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James Mattis takes aim at Trump’s leadership in scathing new essay: ‘A polemicist is not sufficient for a leader’

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Defense Secretary James N. Mattis (Dept. of Defense Photo by Navy Petty Officer 2nd Class Dominique A. Pineiro)

President Donald Trump’s former secretary of defense James Mattis has published his first extensive comments since leaving the administration nearly a year ago.

Mattis shared an excerpt from his upcoming book “Call Sign Chaos: Learning to Lead” with the Wall Street Journal, which published an essay based on those writings that explains his decision to accept Trump’s offer to lead the Pentagon — and touches on his decision to step down.

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“Using every skill I had learned during my decades as a Marine, I did as well as I could for as long as I could,” Mattis wrote. “When my concrete solutions and strategic advice, especially keeping faith with our allies, no longer resonated, it was time to resign, despite the limitless joy I felt serving alongside our troops in defense of our Constitution.”

The retired U.S. Marine Corps general took several veiled shots at the president, his domestic leadership and his understanding of the United States’ role in the world.

“Nations with allies thrive, and those without them wither,” he wrote. “Alone, America cannot protect our people and our economy.”

“At this time, we can see storm clouds gathering,” Mattis added. “A polemicist’s role is not sufficient for a leader. A leader must display strategic acumen that incorporates respect for those nations that have stood with us when trouble loomed. Returning to a strategic stance that includes the interests of as many nations as we can make common cause with, we can better deal with this imperfect world we occupy together. Absent this, we will occupy an increasingly lonely position, one that puts us at increasing risk in the world.”

Mattis warned that Trump’s domestic leadership had ripped apart American unity, and he said that placed democracy itself in danger.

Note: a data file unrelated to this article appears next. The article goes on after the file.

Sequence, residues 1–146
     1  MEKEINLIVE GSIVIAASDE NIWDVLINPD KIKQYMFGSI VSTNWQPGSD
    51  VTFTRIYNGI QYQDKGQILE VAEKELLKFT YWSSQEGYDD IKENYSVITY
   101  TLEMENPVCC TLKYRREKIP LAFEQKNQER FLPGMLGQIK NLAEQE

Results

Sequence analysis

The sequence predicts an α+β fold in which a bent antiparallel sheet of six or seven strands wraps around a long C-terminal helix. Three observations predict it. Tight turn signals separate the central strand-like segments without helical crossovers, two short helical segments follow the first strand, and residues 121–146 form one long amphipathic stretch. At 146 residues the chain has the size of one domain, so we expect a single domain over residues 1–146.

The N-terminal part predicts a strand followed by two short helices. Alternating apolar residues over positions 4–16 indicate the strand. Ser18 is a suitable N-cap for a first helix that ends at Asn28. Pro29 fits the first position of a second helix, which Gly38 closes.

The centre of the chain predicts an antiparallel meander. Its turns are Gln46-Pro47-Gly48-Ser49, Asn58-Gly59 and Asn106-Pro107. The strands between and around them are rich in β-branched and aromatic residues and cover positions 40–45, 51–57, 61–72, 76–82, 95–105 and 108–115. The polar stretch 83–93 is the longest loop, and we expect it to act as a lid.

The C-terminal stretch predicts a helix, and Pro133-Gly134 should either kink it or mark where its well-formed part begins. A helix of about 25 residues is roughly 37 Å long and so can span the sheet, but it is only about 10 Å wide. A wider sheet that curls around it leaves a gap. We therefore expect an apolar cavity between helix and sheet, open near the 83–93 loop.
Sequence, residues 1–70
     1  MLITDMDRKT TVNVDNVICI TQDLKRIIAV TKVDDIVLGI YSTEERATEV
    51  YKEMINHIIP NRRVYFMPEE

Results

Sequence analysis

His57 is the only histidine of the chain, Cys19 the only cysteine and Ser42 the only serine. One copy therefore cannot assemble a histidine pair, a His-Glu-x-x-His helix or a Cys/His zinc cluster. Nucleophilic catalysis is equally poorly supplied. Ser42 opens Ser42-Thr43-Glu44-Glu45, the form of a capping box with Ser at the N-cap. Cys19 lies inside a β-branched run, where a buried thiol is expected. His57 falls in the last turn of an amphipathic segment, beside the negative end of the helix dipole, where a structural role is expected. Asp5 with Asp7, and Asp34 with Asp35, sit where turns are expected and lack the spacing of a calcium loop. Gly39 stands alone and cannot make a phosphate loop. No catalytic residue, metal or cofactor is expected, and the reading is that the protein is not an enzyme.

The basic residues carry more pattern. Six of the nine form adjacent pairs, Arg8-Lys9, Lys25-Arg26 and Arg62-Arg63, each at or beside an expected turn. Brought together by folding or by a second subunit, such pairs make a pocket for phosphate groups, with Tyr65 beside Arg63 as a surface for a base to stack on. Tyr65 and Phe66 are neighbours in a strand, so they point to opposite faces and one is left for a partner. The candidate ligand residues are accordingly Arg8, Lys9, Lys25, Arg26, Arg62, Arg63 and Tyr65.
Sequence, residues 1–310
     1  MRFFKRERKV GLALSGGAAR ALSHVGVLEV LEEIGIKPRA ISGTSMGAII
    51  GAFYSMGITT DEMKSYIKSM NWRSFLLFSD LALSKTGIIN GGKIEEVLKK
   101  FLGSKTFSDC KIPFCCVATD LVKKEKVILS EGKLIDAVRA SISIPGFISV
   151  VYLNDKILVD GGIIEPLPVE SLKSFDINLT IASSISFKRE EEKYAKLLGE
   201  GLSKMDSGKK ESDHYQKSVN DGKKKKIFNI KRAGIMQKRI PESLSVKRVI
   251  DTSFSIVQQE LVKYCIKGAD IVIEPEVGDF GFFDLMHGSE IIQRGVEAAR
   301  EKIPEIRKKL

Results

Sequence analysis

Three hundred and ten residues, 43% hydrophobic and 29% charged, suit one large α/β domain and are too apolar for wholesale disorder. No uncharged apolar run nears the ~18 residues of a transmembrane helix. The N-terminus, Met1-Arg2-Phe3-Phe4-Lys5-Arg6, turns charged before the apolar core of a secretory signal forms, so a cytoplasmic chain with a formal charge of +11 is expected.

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“Unlike in the past, where we were unified and drew in allies, currently our own commons seems to be breaking apart,” he wrote. “What concerns me most as a military man is not our external adversaries; it is our internal divisiveness. We are dividing into hostile tribes cheering against each other, fueled by emotion and a mutual disdain that jeopardizes our future, instead of rediscovering our common ground and finding solutions.”

“All Americans need to recognize that our democracy is an experiment — and one that can be reversed,” he added. “We all know that we’re better than our current politics. Tribalism must not be allowed to destroy our experiment.”


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WATCH: Trump walked out of a 1990 interview with CNN when they asked about his finances

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Long before he became the president, Donald Trump was a business tycoon who had trouble holding onto his money.

As New York Times reporting on the president's personal income tax records has shown, Trump throughout his career would frequently burn through money at a stunning rate throughout the 1990s, at one point reporting adjusted gross losses of nearly $1 billion per year in 1994 and 1995.

The tax records obtained by the Times show that things really started going downhill for Trump in 1990, when he reported a gross net loss of $400 million.

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GOP lawmaker in Tennessee admits to prescribing opioids to his second cousin — who was also his lover

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Tennessee state Sen. Joey Hensley (R) is under investigation by a medical review board for providing opioids to family members, one of which was his second cousin -- who also happened to be his lover, the Tennessean reports.

Hensley, an anti-LGBT ideologue who wrote his state's infamous "Don't Say Gay" bill, admits that he prescribed drugs for his relatives, but says he's the only doctor in town.

“There are not many people in the county who haven’t been to see Dr. Hensley, and she was one of them,” defense attorney David Steed said, adding, “Half of the county are Hensleys. Everyone there knows everyone. There were multiple relationships and the physician-patient relationship was only one and somewhat incidental to the others.”

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2020 Election

West Virginia voter: ‘I’ll probably vote for Donald Trump’ because ‘he keeps the people to the TV set’

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A group of West Virginia voters explained their voting choices to MSNBC on Monday.

"I don't have TV, I don't have internet," one woman said. "I'm pretty far behind. And I bet you a lot of around here are because we're poor. I don't know nothing about Joe [Biden]. I ain't never heard nothing about him at all. Donald Trump, I know a little bit about him because of the past couple of years."

"I'll probably vote for Donald Trump," Jeff Kibbey told MSNBC. "He keeps the people to the TV set."

"One, Trump is good," Francis Senter insisted. "Biden -- however you pronounce his name -- is good too. But like I say, I can't judge either one of them. It's the same community it ain't never going to change because if it was going to change it wouldn't look like this right here."

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